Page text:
Posted on Friday 16 October 2009 by Ulster Business

Image: Emer Gallery © Vittorio Cirefice

Image: Emer Gallery © Vittorio Cirefice

The Emer Gallery is one of Belfast's longest-established galleries, operating from newly-expanded premises on the Antrim Road. Founded by Michael Flanagan in the mid-1980's, the Gallery is associated with many famous Irish artists including Markey Robinson, Basil Blackshaw and Noel Murphy. In this edition of Ulster Business, the gallery's manager, Eimear Flanagan gives her view on the current state of the art market, where it's going and what the discernible buyer should be on the lookout for.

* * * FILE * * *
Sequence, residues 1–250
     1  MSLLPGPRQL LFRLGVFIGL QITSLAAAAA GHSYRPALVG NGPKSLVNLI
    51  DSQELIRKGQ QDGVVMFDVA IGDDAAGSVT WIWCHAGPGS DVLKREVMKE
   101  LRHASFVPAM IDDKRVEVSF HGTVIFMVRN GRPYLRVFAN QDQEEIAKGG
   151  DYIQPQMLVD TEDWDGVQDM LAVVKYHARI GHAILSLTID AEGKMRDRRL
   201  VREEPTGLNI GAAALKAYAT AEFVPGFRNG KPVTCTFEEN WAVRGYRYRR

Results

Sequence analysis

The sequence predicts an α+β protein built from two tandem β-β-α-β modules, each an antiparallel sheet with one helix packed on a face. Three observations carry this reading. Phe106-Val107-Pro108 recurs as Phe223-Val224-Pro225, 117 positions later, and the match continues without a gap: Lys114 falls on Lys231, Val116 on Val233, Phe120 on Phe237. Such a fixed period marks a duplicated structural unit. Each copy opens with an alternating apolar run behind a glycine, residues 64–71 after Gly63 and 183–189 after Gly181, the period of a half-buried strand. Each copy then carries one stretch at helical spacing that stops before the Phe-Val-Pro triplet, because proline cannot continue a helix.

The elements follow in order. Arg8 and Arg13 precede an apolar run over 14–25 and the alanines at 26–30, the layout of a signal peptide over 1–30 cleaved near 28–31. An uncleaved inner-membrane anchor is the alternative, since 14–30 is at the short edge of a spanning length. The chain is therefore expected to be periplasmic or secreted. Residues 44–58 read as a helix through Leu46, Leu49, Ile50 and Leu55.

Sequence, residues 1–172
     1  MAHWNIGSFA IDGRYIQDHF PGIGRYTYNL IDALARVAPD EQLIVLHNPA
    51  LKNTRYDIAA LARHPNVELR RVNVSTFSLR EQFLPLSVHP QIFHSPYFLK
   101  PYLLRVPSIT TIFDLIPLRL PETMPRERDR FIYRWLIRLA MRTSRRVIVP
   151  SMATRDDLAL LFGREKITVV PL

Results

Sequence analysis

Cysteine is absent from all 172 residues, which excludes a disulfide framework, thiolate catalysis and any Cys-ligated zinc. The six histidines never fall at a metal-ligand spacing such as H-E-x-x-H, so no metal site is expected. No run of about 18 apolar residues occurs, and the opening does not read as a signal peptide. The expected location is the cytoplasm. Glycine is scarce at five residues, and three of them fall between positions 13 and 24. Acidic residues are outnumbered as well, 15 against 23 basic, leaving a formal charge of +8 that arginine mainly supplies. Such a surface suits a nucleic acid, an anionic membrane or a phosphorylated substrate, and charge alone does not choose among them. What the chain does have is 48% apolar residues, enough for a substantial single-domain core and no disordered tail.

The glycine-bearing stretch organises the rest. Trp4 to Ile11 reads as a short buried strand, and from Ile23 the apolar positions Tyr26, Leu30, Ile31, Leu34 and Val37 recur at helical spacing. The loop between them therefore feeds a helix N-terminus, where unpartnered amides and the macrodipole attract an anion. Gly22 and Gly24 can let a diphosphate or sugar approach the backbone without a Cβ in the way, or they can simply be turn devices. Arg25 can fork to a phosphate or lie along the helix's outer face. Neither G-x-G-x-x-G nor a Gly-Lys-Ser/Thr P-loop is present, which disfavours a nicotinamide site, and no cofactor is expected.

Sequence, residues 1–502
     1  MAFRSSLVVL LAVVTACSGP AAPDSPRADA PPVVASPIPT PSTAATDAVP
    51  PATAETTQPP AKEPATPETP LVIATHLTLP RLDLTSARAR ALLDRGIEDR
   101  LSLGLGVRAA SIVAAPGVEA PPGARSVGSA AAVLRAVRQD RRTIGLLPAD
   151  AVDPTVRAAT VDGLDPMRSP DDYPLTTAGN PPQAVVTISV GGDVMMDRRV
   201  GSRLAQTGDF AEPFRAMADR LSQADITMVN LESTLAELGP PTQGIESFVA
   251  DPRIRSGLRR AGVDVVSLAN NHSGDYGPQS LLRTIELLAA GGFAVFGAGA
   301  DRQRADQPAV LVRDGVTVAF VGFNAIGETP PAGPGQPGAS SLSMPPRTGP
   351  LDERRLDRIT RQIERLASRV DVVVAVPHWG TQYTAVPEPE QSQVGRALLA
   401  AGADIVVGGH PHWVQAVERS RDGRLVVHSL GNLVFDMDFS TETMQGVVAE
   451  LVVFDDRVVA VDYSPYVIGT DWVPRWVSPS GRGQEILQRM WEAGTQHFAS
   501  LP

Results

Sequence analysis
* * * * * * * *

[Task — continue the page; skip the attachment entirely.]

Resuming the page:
People always ask me is art a good investment? And I tell them that the cardinal rule in art is that you should never buy solely for investment purposes. If you don't like it, don't buy it - it's that simple. But, like wine and Guinness, it can take time to develop a taste. If at first you think you don't like a painting - it's important not to jump to judgment. Making an informed and balanced decision on art is as important as the initial gut instinct 'to buy or not to buy'. In addition to knowing you love the work, buying a piece by a professional artist should contribute to its long-term value. For many people, art appears unaffordable and art galleries stuffy and unwelcoming. This isn't the case - there are art lovers across Ireland who, simply through their love of painting, have built up significant and important collections over the years, and they haven't earned the millions that many people think it takes. The Emer Gallery is particularly aware of this 'stuffiness' and it prides itself on removing that nonsense from the gallery. The famous Vogel collection of contemporary art in the United States was put together over a period of decades by a married couple who worked as a post-man and librarian respectively. They lived on one salary and put the other into their passion for art! They eventually built up a collection of almost 5,000 paintings which they subsequently donated to the nation. There is no doubt that the recent financial crisis has taken its toll on the art market. Like any asset, art is susceptible to the volatilities of the marketplace. Each artist is unique, though, and not all collectible artists will experience a price correction in a downturn. Indeed it is the higher end, quality pieces than can continue to demand high prices regardless of what is happening in the economy. Why buy art? Anyone with an original painting knows how good it looks. And with works starting as low as £400 you'll find that a piece of art can cost less than a few rolls of wallpaper - the only difference being your painting will look a lot better and last a lot longer. From a corporate or business point of view, buying or leasing a collection can set an office or business apart from competitors. While making decisions purely for investment purposes is a no-no, there is no doubt that the value of a painting often appreciates with age. In fact, I'd go as far to say that of all the things you buy this year, unless you're buying acres of farmland, it's the only thing that will likely appreciate over time, or at least hold its value. Having that type of asset on a balance sheet these days is something which will brighten up the eyes of any banker, and with interest rates on cash at rock bottom, buying art can be a more effective way to store your money. Most art galleries offer art consultancy services, and will guide you in the right direction on decisions involving any spend, large or small. Don't be intimidated by art or any gallery. Art dealers are keen to answer questions from those who are new to buying or collecting art. Don't force yourself to like a work just because 'it's popular' - trust your own gut and your 'eye' will develop from there. Once you have a bit of an eye it is only a matter of time for your wallet to follow suit.


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